Instagram versus reality: The effect of the body positive social media trend

Fitness, Health, Mind

Here we speak to two fitness influencers about how posting ‘Instagram versus reality’ photos, a body-positive social media trend, has done wonders for their mental health…

Instagram versus reality

Scroll through your Instagram feed and you’ll be inundated with flawless images – but it’s no secret that things are not always as they seem. The perfect pose, flattering lighting and a filter (we’ve all seen that Khloe Kardashian photo) can drastically alter someone’s appearance.

These images create unrealistic beauty standards and can make us feel bad about our bodies. This is why some influencers are saying enough is enough.

In a bid to bring awareness to the deceitful nature of social media, there has been a rise in ‘Instagram versus reality’ posts. These are side-by-side photos of a posed or edited image against the real version, which shows perceived imperfections such as cellulite, belly rolls and stretch marks.

Fitness influencer Hayley Madigan started posting these types of photos two and half years ago. She suffered from extreme body image issues due to her bodybuilding career.

“I used to post highly posed images because I was a personal trainer and I thought people wouldn’t want me to train them if my body wasn’t perfect. Ridiculous looking back now,” she explains.

“I was taught to pose and distort my body in a way that it could hide my imperfections because of bodybuilding and posing on stage. There is an art to this and I knew exactly how to do it. People peering in from the outside would think I naturally looked like that.

“After posting my first ‘insta vs reality’ image, the feedback I got from women was amazing. They were so happy to see that my body had similar ‘flaws’ to theirs. No matter how lean or toned I was, I still had areas that weren’t perfect. That is okay because we are human!”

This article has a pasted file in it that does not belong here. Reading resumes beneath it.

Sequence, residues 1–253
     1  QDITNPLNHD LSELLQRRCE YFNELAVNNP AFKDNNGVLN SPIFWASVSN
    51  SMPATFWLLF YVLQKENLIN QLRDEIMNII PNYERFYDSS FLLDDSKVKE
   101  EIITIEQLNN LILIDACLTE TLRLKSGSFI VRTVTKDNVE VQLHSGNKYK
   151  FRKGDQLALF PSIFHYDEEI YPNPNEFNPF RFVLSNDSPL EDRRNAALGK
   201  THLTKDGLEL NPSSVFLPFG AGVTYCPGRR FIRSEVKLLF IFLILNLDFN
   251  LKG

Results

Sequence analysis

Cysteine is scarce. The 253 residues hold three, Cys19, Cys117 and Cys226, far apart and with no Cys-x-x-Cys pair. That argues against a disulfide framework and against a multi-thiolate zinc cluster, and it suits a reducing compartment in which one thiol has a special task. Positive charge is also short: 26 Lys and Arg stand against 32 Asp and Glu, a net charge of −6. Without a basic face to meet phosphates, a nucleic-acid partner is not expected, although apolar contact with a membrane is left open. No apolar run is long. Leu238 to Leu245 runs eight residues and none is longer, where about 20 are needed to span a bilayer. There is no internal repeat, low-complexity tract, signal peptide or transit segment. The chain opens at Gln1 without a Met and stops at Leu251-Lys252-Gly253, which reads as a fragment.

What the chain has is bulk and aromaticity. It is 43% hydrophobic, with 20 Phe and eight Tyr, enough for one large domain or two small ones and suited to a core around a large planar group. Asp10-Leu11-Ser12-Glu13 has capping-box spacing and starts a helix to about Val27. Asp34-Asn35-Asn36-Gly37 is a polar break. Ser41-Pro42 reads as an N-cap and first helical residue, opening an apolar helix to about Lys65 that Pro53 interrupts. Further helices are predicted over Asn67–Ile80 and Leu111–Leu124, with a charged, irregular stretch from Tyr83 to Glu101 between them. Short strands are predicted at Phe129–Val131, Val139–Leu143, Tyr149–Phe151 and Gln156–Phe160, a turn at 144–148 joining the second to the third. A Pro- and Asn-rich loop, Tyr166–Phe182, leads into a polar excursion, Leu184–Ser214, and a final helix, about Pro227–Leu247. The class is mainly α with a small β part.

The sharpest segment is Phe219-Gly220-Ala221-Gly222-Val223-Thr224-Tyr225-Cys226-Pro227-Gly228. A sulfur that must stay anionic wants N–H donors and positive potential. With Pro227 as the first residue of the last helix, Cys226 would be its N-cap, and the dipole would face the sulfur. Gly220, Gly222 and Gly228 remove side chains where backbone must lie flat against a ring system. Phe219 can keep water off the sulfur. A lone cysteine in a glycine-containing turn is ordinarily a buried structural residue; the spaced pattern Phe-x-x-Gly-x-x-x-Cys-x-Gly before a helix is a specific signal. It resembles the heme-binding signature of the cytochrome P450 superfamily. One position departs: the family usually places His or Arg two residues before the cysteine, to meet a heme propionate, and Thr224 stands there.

Body image and mental health

Hayley, who has more than 330,000 followers, also says sharing her journey online has done wonders for her mental health.

“Over the years my body has changed, I stopped competing in bodybuilding and had to put on essential body fat. My hormones were too low to have a functioning menstrual cycle and I was deemed unhealthy. I struggled with body dysmorphia and often was very low and unhappy with my body.

“Posting my journey on social media helped me hugely. It allowed me to talk about my experiences but I also realised I was helping other women who were in the same position as me. That felt good.”

Victoria Niamh Spence is another influencer who has had a similar experience. She admits she only used to upload photos from her best angle. Now, her feed contains posts encouraging women to love their bodies from every angle.

“I began to wake up to diet culture and also recognise the responsibility that I had on my platform. I decided to switch the ‘perfect’ for the more ‘normal’. Since creating a feed that reflects me most from every angle, I’ve felt more content in myself. Moreover, I feel I can have a greater and more positive impact” she says.

“I am more connected to myself both mind and body now I share more of my reality as opposed to an online persona. I care less about my body changing and growing because I’m no longer depending on it to build an online presence. To have a platform built around my most raw and real self takes the pressure off having to live up to an expectation.”

Normalise ‘imperfections’

And she urges other influencers to use their platforms to reveal the truth behind the ‘perfect’ social media snap.

“I think social media would be a much more positive space if everyone decided to be more human and were forced to be more transparent about using photoshopping and body enhancing apps.”

The issue is also gaining momentum offline. A new bill put forward by Tory MP Dr. Luke Evans is currently being debated in parliament. The proposed law would require celebrities and influencers to label images that have been digitally altered.

There may still be a way to go but important inroads are being made to see more real bodies on social media – and we’re here for it.

Main photo: @hayleymadiganfitness

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How does Instagram affect body image?

Instagram can have a negative impact on body image by promoting unrealistic beauty standards and creating pressure to conform to those standards.

What are the benefits of the body positive social media trend?

The body positive social media trend can help promote self-confidence, self-love, and acceptance of all body types, which can lead to improved mental health and well-being.

How can individuals contribute to the body positive social media trend?

Individuals can contribute to the body positive social media trend by sharing images and messages that promote self-love and acceptance, and by supporting others who do the same.

What are some tips for using social media in a healthy way?

Some tips for using social media in a healthy way include limiting time spent on social media, unfollowing accounts that promote negative body image, and focusing on positive and uplifting content.

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